Bridge analysis, design + assessment

Case Study

Dynamic analysis of the Royal Victoria Dock Bridge

  • cable stayed footbridge
  • dynamic analysis
  • local and global modelling

Consulting Structural Engineers, Techniker Ltd, won a competition sponsored by the London Docklands Development Corporation to design a footbridge to span the Royal Victoria Dock in London. To help evaluate the dynamic response of the structure LUSAS Bridge was used.

The striking cable stayed design incorporates a pedestrian transporter hung beneath a boom-like central section which also carries a light footway. Deck panel beams, connected to crossheads with spigot joints, are shaped to respond to the applied forces and are drawn upwards into the deck area and behind ballustrades to help reduce the wind signature. To derive accurate wind loading criteria for use in the detailed analysis a model of the proposed bridge was evaluated in a wind tunnel.

Two simultaneous sets of FE models were created in LUSAS Bridge. A detailed local model of the deck panel beams, diaphragms and skins was used to derive properties for an equivalent stiffness or rigidity model. This was made up of cable, beam and shell elements. Small connecting elements were used to model the proposed spigot joint between deck members. The global member loads and deflection envelopes obtained from the rigidity model were then applied to detailed 3D LUSAS models to determine accurate stresses in the monocoque box girders and tapered tubes. Deck panel beamDeck panel beam diaphragm arrangement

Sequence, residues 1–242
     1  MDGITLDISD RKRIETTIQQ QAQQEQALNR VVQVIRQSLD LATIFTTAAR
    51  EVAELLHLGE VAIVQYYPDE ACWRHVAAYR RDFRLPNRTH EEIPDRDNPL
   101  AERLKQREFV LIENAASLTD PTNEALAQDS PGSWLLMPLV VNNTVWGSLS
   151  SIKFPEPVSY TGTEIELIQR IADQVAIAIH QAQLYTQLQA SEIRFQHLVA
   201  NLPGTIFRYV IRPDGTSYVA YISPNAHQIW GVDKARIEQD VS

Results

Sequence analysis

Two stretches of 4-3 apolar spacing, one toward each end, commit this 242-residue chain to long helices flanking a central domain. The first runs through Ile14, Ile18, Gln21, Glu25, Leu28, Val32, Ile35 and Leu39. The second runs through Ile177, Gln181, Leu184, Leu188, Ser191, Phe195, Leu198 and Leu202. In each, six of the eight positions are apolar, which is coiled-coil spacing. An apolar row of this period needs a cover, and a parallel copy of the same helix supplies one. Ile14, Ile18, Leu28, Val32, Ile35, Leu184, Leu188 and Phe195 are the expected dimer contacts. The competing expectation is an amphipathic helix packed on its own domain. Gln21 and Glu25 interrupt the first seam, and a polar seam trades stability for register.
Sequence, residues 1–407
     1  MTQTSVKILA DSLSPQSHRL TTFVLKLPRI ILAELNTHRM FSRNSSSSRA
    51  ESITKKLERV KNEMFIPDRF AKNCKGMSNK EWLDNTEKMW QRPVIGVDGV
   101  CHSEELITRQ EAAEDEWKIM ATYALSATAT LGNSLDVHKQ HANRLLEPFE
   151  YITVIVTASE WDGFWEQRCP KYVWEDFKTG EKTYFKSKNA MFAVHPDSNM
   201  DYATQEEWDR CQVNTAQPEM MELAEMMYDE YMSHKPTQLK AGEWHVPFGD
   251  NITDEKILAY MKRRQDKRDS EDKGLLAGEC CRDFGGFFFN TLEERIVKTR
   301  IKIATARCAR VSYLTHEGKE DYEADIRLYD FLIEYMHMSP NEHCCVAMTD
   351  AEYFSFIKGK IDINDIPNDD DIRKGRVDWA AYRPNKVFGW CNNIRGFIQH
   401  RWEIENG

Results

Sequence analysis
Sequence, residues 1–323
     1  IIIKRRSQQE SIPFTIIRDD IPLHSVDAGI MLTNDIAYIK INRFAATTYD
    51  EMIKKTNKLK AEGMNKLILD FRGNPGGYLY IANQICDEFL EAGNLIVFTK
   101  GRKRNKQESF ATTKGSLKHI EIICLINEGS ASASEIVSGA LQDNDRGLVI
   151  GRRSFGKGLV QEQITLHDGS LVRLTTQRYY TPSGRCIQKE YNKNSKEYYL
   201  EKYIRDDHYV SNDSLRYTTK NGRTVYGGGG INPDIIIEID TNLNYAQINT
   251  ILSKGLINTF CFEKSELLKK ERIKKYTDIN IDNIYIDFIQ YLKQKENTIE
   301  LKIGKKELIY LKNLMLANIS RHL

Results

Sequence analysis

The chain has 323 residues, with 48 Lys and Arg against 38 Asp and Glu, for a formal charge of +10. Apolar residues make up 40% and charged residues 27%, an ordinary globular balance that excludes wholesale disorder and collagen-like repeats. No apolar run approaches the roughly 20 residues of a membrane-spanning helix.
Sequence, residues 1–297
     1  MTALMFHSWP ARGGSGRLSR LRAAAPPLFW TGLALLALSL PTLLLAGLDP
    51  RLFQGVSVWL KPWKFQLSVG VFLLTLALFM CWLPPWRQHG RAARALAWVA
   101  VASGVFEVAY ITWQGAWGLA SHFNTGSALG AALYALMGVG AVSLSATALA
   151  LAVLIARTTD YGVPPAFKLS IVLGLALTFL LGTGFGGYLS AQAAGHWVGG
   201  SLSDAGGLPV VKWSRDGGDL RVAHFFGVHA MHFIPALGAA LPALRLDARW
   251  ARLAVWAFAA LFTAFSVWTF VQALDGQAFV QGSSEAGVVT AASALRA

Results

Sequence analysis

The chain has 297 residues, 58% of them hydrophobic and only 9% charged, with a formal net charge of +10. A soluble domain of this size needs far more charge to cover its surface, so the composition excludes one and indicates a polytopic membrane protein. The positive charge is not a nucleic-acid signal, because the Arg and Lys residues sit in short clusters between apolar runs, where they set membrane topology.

The rigidity model was used to assess the modal response of the structure to dynamic loading. In this model, shell elements with the same bending and torsional stiffnesses as those derived from the stiffness model were used. The distribution of mass was modelled by varying the notional thickness of the plates. An eigenvalue analysis was performed using Guyan Reduction and a series of closely spaced mode shapes were found. The first vertical bending mode was found to be at 1Hz, low enough to give cause for concern, so a driving function was mathematically modelled and applied to create vertical accelerations. These were found to be within the requirements of BS 5400 and at an acceptable level for pedestrian comfort. The mode shapes were then used to set up a further wind tunnel test to check the susceptibility of the bridge deck to divergent response. Results showed the bridge to be stable within the designated critical wind speed. After completion the predicted behaviour was checked against the actual structural behaviour by using accelerometers. Rigidity model of whole structure


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